Senator Kirsten Gillibrand recently pledged during a campaign rally to appoint a person with a disability to her Cabinet if she is elected President according to The Hill. Her response came after a question from a disability rights advocate who was asking her about her standards of inclusion for people with disabilities in the community.
As a man with a physical disability, while I do not think that her intentions are necessarily bad, this type of promise is highly problematic on a few levels.
First, consider Cabinet level positions in the United States government. These are very important jobs that need to be filled by the people who are best qualified to perform those jobs. I am obviously not saying that a person with a disability cannot perform these jobs. Rather, I am saying that having a disability does not make you inherently able to fulfill one of these positions just like being a man, woman, senior citizen, Oregonian, immigrant, or anything else does not make you a better fit for a position. It also does not make you inherently unable to fulfill one of these positions. People with disabilities need to be evaluated on their talents and abilities just like everyone else, and in such important national positions, you need to commit to putting the best person possible in that job, period. It would certainly be terrible if someone was not considered because they had a disability that did not impact their ability to do the job whatsoever. That would be discrimination and would be wrong. My using a wheelchair does not make me less able to do a wide variety of things, for example, so it is a problem when my intellectual abilities, for example, are discounted by simply appearing in a wheelchair, a purely physically-assistive device. However, as a matter of Presidential policy, these jobs really need to be given to the people who can perform the job most effectively. Disability should not factor into that decision-making process whatsoever.
Secondarily, making this kind of promise implies a quota. Gillibrand is almost definitely not going to be President, but let’s say that she wins. If she is true to her word, then she will appoint someone with a disability to some Cabinet position. What is the first questions anyone will ask? You know the answer. Why was this person chosen? Are the qualifications really there, or was she just using this person to fulfill a campaign promise?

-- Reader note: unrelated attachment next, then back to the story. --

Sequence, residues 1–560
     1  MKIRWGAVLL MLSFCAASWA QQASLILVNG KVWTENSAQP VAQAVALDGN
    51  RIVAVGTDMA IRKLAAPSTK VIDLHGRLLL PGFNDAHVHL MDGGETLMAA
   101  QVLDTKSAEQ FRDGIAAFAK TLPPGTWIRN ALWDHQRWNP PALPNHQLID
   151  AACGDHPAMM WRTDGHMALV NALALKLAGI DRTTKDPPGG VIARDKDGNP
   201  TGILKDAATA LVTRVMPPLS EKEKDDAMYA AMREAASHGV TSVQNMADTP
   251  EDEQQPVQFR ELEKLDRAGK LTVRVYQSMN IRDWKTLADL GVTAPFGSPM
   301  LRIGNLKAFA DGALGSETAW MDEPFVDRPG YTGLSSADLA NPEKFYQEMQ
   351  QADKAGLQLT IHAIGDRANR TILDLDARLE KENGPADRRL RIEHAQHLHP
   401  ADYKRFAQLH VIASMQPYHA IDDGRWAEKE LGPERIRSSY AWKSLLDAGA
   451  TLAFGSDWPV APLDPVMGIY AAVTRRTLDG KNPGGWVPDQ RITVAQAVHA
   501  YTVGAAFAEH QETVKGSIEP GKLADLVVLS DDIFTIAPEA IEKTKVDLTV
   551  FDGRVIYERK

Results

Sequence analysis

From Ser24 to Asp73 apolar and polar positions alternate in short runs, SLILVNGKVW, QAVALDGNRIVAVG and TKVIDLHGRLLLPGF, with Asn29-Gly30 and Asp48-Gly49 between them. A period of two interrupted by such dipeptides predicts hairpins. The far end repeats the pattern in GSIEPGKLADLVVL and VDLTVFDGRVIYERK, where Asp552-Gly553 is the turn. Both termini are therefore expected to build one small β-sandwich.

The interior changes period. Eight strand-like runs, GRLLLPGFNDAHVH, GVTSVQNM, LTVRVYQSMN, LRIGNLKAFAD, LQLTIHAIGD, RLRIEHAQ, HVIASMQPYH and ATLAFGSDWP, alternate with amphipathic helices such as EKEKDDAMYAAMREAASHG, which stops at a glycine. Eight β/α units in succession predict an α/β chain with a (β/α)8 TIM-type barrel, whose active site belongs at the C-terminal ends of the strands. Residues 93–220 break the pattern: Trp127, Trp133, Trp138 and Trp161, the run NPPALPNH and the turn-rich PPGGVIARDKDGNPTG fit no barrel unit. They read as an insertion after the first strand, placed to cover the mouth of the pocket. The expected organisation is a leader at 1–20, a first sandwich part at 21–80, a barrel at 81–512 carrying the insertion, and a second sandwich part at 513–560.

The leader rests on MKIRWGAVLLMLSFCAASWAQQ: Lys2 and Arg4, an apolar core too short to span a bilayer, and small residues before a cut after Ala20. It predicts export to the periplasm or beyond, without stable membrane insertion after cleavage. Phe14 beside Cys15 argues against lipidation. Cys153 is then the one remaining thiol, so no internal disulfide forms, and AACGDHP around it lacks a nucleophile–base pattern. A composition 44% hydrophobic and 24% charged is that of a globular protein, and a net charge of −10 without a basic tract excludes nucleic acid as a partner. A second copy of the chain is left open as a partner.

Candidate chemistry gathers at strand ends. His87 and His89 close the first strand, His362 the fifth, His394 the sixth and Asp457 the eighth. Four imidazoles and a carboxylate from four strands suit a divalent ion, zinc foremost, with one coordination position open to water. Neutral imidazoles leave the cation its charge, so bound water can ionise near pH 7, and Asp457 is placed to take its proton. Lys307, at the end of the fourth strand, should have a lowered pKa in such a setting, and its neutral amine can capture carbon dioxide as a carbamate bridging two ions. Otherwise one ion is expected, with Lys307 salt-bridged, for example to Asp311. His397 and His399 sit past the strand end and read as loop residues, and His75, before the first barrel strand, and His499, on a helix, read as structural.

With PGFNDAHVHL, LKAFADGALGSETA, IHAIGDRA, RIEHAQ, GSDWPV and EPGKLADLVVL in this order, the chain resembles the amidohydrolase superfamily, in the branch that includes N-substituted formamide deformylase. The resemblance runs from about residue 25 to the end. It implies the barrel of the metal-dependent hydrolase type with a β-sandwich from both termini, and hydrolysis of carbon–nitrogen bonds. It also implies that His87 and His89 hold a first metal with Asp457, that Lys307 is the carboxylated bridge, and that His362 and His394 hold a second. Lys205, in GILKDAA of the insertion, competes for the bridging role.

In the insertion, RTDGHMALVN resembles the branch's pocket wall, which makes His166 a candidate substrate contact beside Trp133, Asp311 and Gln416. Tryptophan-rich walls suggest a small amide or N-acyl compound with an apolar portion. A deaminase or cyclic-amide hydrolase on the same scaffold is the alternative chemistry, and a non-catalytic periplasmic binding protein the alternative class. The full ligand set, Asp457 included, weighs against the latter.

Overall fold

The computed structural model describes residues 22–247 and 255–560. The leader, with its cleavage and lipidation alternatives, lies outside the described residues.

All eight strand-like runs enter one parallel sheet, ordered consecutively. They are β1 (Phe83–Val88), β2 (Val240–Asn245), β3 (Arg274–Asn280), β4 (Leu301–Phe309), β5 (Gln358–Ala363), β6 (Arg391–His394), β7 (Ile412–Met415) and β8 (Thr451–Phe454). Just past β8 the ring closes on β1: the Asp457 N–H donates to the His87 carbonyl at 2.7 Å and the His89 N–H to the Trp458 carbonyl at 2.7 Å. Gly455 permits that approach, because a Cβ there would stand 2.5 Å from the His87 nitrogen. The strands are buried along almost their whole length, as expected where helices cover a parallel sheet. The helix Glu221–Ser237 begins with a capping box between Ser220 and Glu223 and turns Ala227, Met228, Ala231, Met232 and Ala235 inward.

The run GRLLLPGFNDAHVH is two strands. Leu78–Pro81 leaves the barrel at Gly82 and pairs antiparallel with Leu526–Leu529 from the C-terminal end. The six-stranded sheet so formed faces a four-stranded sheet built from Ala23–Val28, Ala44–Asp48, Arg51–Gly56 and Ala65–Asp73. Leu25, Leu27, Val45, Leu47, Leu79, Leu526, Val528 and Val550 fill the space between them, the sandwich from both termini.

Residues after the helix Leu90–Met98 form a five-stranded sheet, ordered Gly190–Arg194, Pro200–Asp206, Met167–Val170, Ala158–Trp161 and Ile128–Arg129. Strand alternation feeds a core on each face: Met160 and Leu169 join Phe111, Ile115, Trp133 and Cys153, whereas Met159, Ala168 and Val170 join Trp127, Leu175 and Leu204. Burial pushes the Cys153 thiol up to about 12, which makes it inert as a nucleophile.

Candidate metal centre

That is not a fair position to put anyone in. She might hypothetically choose someone who is brilliant and a perfect fit for a Cabinet position. There are plenty of people with disabilities who would be amazing public servants and could serve the government at very high levels. However, that person would not have the opportunity to be judged on his or her own merits because of this cloud of quota-filling hovering over him or her.
As a man with a disability, I understand what it is like to have to prove your ability to people. I have had to do that all the way through my life to show people what I am capable of. There are a lot of misperceptions, and I certainly do not deny that having a person with a disability in the Cabinet would be a great thing to help people develop a different perception of what people with disabilities are capable of. That being said, by making this kind of promise ahead of time, setting up some kind of quota without qualification, Gillibrand has actually created an awkward and damaging situation for everyone involved.
The impact of her adding a person with a disability to her Cabinet would be substantially greater if she made it clear that the only reason she would choose anyone for her Cabinet is because that person is the best candidate for the job. If a person with a disability turned out to be the best candidate, then that actually achieves what Gillibrand is clumsily trying to achieve. The person with a disability in that position, chosen for his or her merits rather than to fulfill a quota, much more effectively proves that people with disabilities have a lot to offer our country.